Slow Start Last Week on Offense Can’t Become a Trend
In the Cardinals’ 34-31 win over rival Cincinnati last week, they finished the night with a season-high 524 yards of total offense, including a career-best 416 yards passing from quarterback Teddy Bridgewater. However, those final numbers could have been even better were it not for a very slow start for the Louisville offense. The Cardinals managed just 111 yards on their first five possessions of the game and trailed 17-14 at halftime. Though they did respond to the struggles with a dramatic win, they know they must return to their trend of starting fast offensively entering this Saturday’s BIG EAST home game against Temple (noon ET, ABC).
“We didn’t exactly start that game as a ball of fire,” said Louisville offensive coordinator Shawn Watson. “I didn’t like our start and none of the players did either. The good thing is that through some adversity that we created on ourselves, we were able to fight back and we finished really strong. The kids played a really good game. We were physical in the run game. It was probably the third or fourth series when we really started playing. We can’t do that. We can’t start slow. We did not play our brand of football to start that game. Usually, we start fast and we didn’t. I think that had us reeling because of the way we started the game. Once we got on the same page with everybody, we took off. There was a little attention getting we had to do. We don’t want to have to go through that exercise again.”
Film Reveals Impressive Front Seven from Temple
The visiting Owls are led defensively by freshmen linebackers Tyler Matakevich and Nate D. Smith, the top two tacklers on the team. Matakevich leads Temple with 56 stops this season, including three for loss, while Smith is second on the team with 51 tackles, including 1.5 sacks. Despite struggling at times, the Owls have talented players surrounding both Matakevich and Smith on the defensive side of the ball and the game film has revealed more than enough proof for the Cardinals.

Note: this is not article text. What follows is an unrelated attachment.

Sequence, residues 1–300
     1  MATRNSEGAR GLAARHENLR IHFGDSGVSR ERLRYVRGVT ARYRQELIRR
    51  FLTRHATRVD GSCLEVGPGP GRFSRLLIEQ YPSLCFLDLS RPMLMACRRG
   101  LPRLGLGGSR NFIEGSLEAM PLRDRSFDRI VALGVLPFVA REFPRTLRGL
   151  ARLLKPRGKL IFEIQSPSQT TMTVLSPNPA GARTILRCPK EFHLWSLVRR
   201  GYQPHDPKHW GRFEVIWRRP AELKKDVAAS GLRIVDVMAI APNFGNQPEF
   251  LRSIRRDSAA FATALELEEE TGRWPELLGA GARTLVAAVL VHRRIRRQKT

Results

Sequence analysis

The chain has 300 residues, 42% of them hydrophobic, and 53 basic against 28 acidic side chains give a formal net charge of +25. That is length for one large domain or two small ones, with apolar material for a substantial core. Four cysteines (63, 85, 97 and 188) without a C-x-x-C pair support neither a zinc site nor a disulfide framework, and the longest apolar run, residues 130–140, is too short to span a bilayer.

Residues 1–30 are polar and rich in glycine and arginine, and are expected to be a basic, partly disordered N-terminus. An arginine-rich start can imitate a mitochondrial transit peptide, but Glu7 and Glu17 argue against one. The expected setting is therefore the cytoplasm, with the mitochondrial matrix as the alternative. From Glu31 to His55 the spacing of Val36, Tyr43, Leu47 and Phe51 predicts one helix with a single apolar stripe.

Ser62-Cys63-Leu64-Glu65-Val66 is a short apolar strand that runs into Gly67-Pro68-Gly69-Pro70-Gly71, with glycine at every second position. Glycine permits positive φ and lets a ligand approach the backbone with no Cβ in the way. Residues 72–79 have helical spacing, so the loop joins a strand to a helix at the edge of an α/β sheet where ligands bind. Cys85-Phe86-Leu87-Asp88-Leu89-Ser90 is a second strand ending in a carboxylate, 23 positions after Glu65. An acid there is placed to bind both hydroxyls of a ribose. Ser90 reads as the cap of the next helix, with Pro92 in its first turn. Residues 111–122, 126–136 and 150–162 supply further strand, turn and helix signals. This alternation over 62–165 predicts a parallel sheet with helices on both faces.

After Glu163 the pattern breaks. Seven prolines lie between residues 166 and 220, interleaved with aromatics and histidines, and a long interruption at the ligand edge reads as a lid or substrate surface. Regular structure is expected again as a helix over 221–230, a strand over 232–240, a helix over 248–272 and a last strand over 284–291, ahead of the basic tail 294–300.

“Their front seven is very good,” said Louisville senior offensive lineman Mario Benavides. “They have four really big defensive linemen and they’re high motor guys. Nate Smith, the middle linebacker, is a really good player and he makes a lot of tackles. There’s definitely no over-looking them. As far as we go, we judge people based on film and we always go into the game respecting people. As for what Temple has shown us on film, they’ve shown us a lot.”
Offense Distracted by Improvement, Not Last Week’s Scores
Temple enters this week’s game following back-to-back BIG EAST losses to Rutgers and Pittsburgh where they allowed at least 35 points in each outing and surrendered a season-high 528 yards of total offense to the Panthers in last week’s 47-17 road defeat. Despite those results, the Cardinals say they are much more concerned with what they need to do better on offense than what the Owls have done recently on defense.
“We don’t look at scores. That’s just not our demeanor and that’s not our culture here,” said Watson. “We’re more concerned with us because our whole objective is for us to get better. In order for that to happen, there are plenty of things from the Cincinnati game that we have to fix. We just keep working. We don’t ever talk to the kids about schedule. We don’t ever talk to them about records. We don’t ever talk to them about the last game. Now, I’m sure their aware of those kinds of things, but honestly, we are more concerned with the way we coach our players and it being about us.”
Parker Translates Big Plays in Practice to Game Action
Louisville coaches were not surprised with sophomore receiver DeVante Parker’s breakout performance (4 catches, 120 yards, 2 touchdowns) in last week’s win over the Bearcats. Before scoring his 30-yard touchdown reception and his 64-yard touchdown catch in the fourth quarter of last Friday’s triumph, the 6-3, 204-pound Parker had shown the same type of game-changing plays in practice and the UofL coaches knew it was simply a matter of time before it translated to a game.
“I think what you saw on (Friday) is what he’s been doing in practice,” said Watson. “He’s been delivering big plays in practice and he does it every day. There was a time there, for whatever the reason, where maybe he was in a little bit of a slump or trying to find himself. Players go through all kinds of emotions, but he ended up having two really good weeks of practice the last two weeks. You could sense that he was coming on and he looks very fresh. He’s running very fast. He’s put some real speed on film in practice and we just knew that he was poised to do something special. In our offense, all of those kids get targeted and he took advantage of his opportunities.”